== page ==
I’m currently chairing the Ph.D. program committee at the University of Lethbridge, and I just finished reading the files of the applicants who have applied to our program for admission later this year. At the UofL (and elsewhere), students applying to the Ph.D. program have to submit a CV. And of course, if you have publications, they should be in your CV. The trouble I’m having with many files I’m reading is that students don’t give full bibliographic details for their papers, which means that I sometimes have to do some additional digging if there is something I want to check on. Here are some things I sometimes find missing:
- A page range or article number. Yes, I know, the DOI should be enough, but if I decide to go looking for your paper for some reason, it’s often more convenient to have the first page number or article number (along with the volume number) than the DOI. Why? Because some journals make it particularly efficient to find papers with the volume and page number.
- The DOI. At the risk of contradicting myself, it’s sometimes easier to have a DOI. The DOI is especially useful if the journal is a bit obscure.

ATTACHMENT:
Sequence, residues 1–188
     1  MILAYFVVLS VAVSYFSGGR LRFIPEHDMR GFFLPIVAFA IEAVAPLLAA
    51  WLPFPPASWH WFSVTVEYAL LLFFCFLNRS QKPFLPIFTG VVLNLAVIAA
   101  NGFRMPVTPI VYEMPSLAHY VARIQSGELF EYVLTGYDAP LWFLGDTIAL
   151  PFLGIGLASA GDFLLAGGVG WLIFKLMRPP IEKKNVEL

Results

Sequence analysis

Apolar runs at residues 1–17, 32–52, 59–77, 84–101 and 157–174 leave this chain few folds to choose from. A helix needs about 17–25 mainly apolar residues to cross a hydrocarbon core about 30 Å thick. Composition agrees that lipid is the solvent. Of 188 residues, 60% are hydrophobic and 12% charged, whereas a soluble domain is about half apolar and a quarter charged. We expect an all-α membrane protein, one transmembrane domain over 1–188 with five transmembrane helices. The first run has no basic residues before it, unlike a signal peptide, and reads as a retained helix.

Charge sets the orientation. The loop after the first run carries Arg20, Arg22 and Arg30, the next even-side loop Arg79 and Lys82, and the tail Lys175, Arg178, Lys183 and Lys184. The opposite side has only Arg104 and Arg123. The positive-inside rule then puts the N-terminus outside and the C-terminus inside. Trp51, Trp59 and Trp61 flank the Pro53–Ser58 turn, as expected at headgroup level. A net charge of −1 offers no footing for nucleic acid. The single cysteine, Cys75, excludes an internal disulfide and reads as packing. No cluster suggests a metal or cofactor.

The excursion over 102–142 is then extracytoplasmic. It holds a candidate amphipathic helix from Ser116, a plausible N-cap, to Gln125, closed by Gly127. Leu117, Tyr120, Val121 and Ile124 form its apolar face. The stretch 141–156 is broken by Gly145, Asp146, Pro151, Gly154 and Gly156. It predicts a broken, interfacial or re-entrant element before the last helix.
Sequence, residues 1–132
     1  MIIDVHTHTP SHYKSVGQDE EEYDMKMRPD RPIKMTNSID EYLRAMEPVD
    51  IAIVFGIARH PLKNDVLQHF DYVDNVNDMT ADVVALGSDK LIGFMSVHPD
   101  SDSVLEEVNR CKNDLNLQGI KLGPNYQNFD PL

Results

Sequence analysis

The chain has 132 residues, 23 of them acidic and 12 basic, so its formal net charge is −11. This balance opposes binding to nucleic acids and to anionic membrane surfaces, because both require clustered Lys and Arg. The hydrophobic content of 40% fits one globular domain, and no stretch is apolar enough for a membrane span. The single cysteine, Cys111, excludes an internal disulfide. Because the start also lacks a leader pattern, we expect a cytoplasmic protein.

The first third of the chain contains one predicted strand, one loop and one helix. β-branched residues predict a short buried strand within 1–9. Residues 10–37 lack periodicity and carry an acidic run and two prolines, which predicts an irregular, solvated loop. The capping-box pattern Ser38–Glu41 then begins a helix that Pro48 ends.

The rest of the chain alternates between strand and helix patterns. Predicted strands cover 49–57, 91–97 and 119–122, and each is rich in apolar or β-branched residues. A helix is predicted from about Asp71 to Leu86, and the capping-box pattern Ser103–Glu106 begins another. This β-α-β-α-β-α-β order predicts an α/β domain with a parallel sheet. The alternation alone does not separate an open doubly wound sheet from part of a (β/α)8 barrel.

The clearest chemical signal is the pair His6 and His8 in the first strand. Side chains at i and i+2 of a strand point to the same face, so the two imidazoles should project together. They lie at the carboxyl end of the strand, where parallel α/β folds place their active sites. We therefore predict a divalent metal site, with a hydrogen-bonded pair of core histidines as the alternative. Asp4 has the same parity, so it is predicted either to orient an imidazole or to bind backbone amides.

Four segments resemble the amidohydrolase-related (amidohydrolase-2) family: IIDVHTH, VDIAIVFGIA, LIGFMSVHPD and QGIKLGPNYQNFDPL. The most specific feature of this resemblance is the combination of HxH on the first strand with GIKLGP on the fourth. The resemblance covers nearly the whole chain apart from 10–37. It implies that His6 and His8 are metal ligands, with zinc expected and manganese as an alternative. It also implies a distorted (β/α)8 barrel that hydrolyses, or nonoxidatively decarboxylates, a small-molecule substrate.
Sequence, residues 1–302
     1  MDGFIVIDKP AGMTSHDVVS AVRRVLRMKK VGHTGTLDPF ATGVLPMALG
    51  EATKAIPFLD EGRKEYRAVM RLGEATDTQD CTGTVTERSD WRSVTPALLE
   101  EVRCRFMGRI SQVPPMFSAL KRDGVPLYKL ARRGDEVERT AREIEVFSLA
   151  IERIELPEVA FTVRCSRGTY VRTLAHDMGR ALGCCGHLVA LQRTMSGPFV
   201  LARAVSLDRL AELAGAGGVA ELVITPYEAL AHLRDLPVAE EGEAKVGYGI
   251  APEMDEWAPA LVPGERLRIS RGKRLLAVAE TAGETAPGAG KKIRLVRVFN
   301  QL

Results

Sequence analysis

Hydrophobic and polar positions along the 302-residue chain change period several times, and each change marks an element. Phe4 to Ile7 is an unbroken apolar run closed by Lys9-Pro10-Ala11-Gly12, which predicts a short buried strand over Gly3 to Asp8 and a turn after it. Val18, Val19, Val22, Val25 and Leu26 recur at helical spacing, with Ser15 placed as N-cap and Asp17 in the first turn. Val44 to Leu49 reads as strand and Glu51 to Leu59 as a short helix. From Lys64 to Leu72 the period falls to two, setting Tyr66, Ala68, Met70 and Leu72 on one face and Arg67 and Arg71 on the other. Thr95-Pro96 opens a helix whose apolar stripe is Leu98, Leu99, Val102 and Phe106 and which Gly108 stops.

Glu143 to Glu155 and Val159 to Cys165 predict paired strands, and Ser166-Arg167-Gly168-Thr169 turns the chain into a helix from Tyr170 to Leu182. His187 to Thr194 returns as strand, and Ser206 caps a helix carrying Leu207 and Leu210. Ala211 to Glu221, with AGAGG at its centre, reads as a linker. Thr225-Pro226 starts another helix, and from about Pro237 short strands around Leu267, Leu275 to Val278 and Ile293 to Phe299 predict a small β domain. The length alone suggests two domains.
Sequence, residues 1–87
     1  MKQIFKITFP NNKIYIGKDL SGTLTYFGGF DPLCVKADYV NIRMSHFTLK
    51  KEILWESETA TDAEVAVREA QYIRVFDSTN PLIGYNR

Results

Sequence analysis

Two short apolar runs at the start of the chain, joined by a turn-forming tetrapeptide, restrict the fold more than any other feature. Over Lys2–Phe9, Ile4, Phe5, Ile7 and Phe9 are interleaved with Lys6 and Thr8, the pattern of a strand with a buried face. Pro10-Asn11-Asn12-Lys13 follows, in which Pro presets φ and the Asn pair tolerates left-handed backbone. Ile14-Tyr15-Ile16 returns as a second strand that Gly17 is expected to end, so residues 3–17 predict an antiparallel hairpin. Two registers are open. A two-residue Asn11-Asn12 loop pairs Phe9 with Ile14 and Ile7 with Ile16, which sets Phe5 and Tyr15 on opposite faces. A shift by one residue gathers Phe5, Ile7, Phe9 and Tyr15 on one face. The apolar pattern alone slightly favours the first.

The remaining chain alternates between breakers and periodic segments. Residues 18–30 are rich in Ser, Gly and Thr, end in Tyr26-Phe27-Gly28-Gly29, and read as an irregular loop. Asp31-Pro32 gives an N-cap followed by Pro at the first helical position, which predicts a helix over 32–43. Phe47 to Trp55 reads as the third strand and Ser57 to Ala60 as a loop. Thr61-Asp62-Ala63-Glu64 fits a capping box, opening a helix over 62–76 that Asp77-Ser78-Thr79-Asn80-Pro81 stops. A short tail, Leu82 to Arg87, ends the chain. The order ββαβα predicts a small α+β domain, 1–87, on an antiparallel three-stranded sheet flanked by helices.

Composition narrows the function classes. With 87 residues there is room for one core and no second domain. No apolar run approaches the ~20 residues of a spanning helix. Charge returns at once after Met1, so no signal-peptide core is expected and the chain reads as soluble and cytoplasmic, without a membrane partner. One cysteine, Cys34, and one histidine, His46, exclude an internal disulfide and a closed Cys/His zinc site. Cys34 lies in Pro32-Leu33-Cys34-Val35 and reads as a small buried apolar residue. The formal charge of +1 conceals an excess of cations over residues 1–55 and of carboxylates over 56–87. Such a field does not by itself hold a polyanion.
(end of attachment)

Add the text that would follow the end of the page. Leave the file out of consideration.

- The volume number. Well, duh!, you might say. But a surprising number of people forget to put that in.
- The year. Ditto.
- The issue number can be useful, depending on the journal, so by all means include that, too.
- For articles in journals that use article numbers rather than pages, the number of pages. This gives me some idea whether I’m looking at a letter-style publication or a full paper. I know it’s not foolproof, but it does help.
The point is that the more bibliographic details you include, the easier you make it to find your paper should someone wish to do so.
Finally, make sure that those bibliographic details are correct! You would be surprised at how many slightly mangled journal titles there are in people’s CVs, for example. That makes it hard to find the paper. It might cast doubt on whether the paper exists at all. Or it might just convince a person reading your CV that you don’t pay much attention to detail. Probably not the impression you want to leave.
On a related note, if you have multi-authored conference presentations in your CV, please clearly indicate if you were the presenter or not. You can use a special mark (asterisk, boldface or italics) for the presenter, or you can separate your presentations into ones you have made and ones that author people presented. Without this, long lists of multi-authored presentations are uninformative, and may be seen as padding your CV.